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#Philanthropy — 06.12.2017

Millennial Philanthropists: A Collaborative Culture

Millennial philanthropists believe that they can be more effective with their philanthropy through international or local networks by connecting with peers, identifying co-funding opportunities and understanding best practices. Discover one of their five new motivations.

“If you’re excited about an organisation and want them to grow, you need to spread the word about their cause and connect them to other funders.”

Stéphanie Cordes

Vice chair, the Cordes Foundation

Following on from promoting causes in order to solve social issues, millennial philanthropists are also open to a collaborative approach to getting things done. Mr Vaccaro of CerPhi believes this is a defining characteristic of millennial philanthropists in family foundations. Some form their own networks rather than turning to existing organisations. For example, Ms Sachdev Patel co-founded She Impacts, a small group of women who run foundations and meet every month to talk about philanthropy, share their experiences and look for co-funding opportunities. “It’s a really good forum,” she says. “We’re a group of women who support each other to be more effective in our social impact.”

One of the most prominent examples of networking and collaboration is Nexus, where individuals and foundations come together to share their experiences. In the past five years more than 20 summits have been held at the White House and the United Nations, as well as in Europe, Brazil, Australia, Thailand, Singapore, China and the Caribbean. For Ms Gerrol and others like her, collaboration is a way of increasing impact. In this way, through increased crossborder collaboration, these millennial philanthropists are gradually converging into an international cohort of philanthropists.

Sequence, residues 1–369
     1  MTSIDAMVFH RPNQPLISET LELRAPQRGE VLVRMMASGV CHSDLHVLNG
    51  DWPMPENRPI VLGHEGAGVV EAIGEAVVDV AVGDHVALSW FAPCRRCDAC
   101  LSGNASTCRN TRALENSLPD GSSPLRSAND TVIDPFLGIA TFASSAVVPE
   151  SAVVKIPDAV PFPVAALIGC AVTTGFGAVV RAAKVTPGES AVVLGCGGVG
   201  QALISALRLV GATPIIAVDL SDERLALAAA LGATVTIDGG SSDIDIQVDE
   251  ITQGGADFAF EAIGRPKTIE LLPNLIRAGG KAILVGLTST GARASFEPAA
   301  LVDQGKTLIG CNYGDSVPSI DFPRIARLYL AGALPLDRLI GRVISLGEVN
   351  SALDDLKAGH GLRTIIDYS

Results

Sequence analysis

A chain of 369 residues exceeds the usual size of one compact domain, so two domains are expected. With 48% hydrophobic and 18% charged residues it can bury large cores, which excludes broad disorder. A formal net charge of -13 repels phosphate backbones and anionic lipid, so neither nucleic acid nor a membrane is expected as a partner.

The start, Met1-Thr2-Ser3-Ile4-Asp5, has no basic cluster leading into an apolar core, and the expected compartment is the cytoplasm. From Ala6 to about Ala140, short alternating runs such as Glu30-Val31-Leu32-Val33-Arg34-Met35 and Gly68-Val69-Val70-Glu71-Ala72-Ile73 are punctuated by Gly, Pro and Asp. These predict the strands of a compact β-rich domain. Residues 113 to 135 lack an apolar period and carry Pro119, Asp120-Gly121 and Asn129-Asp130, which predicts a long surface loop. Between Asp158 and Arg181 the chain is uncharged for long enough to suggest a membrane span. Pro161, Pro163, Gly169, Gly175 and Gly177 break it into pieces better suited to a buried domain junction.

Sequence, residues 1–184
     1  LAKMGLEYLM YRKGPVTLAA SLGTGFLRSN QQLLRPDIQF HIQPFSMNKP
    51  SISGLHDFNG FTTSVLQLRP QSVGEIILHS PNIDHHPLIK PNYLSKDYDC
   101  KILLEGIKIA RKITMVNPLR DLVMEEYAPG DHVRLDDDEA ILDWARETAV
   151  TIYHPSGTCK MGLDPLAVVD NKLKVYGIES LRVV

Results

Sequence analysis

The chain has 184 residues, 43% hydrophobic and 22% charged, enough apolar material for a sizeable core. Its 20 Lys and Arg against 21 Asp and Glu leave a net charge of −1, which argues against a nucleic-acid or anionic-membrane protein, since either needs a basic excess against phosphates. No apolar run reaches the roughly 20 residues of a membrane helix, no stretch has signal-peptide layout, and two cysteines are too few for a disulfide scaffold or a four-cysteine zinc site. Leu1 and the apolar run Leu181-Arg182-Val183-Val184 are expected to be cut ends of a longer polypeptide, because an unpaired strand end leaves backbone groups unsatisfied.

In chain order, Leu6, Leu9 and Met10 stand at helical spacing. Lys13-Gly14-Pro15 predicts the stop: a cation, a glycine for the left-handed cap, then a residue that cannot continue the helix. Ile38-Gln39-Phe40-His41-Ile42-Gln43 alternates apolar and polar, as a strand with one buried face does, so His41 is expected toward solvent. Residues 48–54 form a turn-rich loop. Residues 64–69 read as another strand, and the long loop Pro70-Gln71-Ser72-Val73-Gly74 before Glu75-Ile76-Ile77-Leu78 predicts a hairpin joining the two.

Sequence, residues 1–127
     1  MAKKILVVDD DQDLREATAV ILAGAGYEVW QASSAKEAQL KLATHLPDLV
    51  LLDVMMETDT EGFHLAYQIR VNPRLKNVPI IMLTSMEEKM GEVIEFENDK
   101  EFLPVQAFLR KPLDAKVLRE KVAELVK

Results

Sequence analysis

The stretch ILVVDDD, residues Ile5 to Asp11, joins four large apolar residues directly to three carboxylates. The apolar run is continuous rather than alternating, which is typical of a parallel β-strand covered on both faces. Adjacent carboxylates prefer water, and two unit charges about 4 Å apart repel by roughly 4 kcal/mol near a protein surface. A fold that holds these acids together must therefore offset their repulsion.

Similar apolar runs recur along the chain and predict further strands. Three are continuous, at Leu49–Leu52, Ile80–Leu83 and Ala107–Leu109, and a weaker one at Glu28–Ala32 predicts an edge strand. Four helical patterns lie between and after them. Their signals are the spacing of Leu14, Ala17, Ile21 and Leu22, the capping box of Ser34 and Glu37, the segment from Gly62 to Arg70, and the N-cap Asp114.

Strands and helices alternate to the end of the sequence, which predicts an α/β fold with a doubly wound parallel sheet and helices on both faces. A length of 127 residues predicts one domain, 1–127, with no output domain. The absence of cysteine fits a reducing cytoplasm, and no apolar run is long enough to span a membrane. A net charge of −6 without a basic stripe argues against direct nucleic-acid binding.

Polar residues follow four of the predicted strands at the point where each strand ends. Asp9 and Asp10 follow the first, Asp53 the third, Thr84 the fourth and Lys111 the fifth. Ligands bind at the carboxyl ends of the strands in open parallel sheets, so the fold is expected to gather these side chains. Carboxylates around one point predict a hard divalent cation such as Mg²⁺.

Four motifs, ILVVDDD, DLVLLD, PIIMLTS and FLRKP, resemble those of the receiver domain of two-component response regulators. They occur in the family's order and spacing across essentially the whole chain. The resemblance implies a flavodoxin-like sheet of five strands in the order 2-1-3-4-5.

Regional variations do exist, however, reflecting the relative maturity of the philanthropic sector and cultural attitudes to wealth and family legacies. In Asia, the predominance of family businesses has created a strong culture of passing on a philanthropic legacy to the next generation. Yet not all Asian countries have established a robust philanthropic sector. “In China, we’ve just started,” says Ms Gao. “We’re in a very earlystage period of young people realising we need to do more for society.”

European philanthropists have a strong interest in socialentrepreneurship and venture philanthropy, promoted by organisations such as the European Venture Philanthropy Association, which was set up in 2004. The UK has been a pioneer when it comes to new vehicles such as impact investing. For example, Social Finance, a non-profit set up to develop a social investment market, was first established in the UK in 2007, with the US branch only being established in 2011. Social impact bonds exist in other European countries including Belgium, Germany and France.

Technology, social media, travel and international education are breaking down perceptions of national or regional borders, making regional differences in the philanthropic landscape less stark. “What we’re seeing is a rich globalised generation that think more similarly than they do differently,” says Mr Balfour. “A Middle Eastern millennial may have more in common with a Singaporean millennial than they may have even with older family relatives – and that extends to their philanthropic beliefs.”

Read more about the Next Generation of Philanthropists.